Then, the older and “wiser” ones (I put wiser in quotations because, for the life of me, I can’t call someone who pees in the back of a school bus wise and mean it) chimed in. They were out of college, in the real world, and hating every minute of it. All they wanted to do was follow their dreams, but they felt trapped in their current situations.
One of the drunk guys loudly proclaimed “I have hated every single thing I’ve done since high school.” There may have been a few expletives in there, too. Everyone else mumbled in drunken agreement, and then they sang Build Me Up Buttercup and an arm landed on my head for the umpteenth time.
I was staring out the window during this conversation and, as I watched the car lights fly by on the other side of the Jersey Turnpike, I started reflecting on my own life. By the time they hit the chorus of Build Me Up Buttercup, I had come to a pretty profound realization: I have loved every single thing that I’ve done since high school.
In June of 2008, when I walked out of my high school for the very last time, I remember feeling completely free. At 17, I had chosen to defer my admissions to my top choice school and in the process turned down a scholarship and an opportunity to play soccer. Unsurprisingly, I was met with a lot of different reactions to this decision, and most of them were negative. Many people at the time had no qualms about exclaiming straight to my face that I was “throwing away my future”.
Even within the confines of my immediate family, there were mixed reactions. My brothers were annoyed that I wasn’t being forced to go to school, and my mom, despite her unconditional love and support, found it hard to hide the disappointment that she wouldn’t realize her dream of seeing each of her kids earn a college degree.
Some of my friends’ parents tried to convince me that if I didn’t go to school I would end up on the street as a drug dealer or a prostitute. And kids my own age thought that “pursuing music” was just a grand scheme to cover up the fact that I couldn’t get into college. This one annoyed me the most and it took a long time to stop being super defensive about it. For the record, just because someone is not pursuing higher education, it is not a definitive reflection of their intelligence. (I may still be slightly defensive).
Because of these reactions, I spent a lot of time agonizing over the legitimacy of my decision. Instead of enjoying what I was doing at the time, every move I made was laced with a back-of-the-mind thought that asked: should I really be doing this? Should I be in college right now? Should I be doing something more practical? Should I be hating my life more?
I wish that I could go back and have a frank conversation with that younger version of myself. First, I’d probably tell her to never ever get blonde highlights again. And then, after giving her some dating advice and a complete wardrobe overhaul, I would confidently and persistently assure her that she is exactly where she should be.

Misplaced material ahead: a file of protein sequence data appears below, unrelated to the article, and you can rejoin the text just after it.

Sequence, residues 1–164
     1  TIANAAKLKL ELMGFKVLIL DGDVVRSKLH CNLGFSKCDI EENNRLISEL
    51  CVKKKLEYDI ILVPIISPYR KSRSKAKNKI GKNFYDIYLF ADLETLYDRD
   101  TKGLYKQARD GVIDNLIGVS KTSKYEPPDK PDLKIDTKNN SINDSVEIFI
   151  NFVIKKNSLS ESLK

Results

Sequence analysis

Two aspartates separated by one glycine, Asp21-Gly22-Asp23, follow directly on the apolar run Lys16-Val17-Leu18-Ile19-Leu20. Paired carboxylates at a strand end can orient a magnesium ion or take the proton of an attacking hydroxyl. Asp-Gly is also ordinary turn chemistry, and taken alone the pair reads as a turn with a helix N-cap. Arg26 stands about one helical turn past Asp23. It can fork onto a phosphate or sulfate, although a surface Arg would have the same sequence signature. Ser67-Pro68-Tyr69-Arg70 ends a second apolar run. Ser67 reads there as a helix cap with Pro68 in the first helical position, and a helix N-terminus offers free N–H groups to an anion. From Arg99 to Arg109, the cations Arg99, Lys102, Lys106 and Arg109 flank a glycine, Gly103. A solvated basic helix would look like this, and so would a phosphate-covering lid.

Had I chosen to listen to everyone else, to do what they wanted me to do, to pursue the path they wanted me to take, I may have ended up with a degree and a “real” job, but I am 99.9% certain that I would be miserable. I would be a drunk guy sitting in the back of a school bus complaining about life. Metaphorically speaking, of course.
Now, I’m not hating on college. I actually think it’s really important and in most cases pretty necessary. But I just get frustrated when people complain about their lives and then do nothing to change it. And I get even more frustrated when they start to blame other people for their present circumstances. And I get the most frustrated when people look at me and tell me that I’m lucky because I’m not in those same circumstances.
I truly appreciate my blessings and all of the opportunities I’ve been given, and I am extremely grateful for them. But I also acknowledge the fact that my circumstances have not been contingent on luck. I wasn’t handed some winning lottery ticket that said “Hey, you can go do what you want now! Congratulations!” I was faced with the same choice that every single senior in high school has to make. I chose differently. And I think that chalking it up to luck depreciates just how difficult of a decision it can be to actually chase your dreams.
Jim Carrey recently gave an incredible commencement speech at Maharishi University, and I highly recommend watching it on Youtube if you haven’t seen it already. The whole thing is pretty inspirational and of course highly entertaining, but there was one quote in particular that has stuck with me.
He talks about fear and how we each get to choose how much of a role it plays in our lives. He goes on to state that “so many of us choose our path out of fear disguised as practicality.” Fear disguised as practicality. I love that.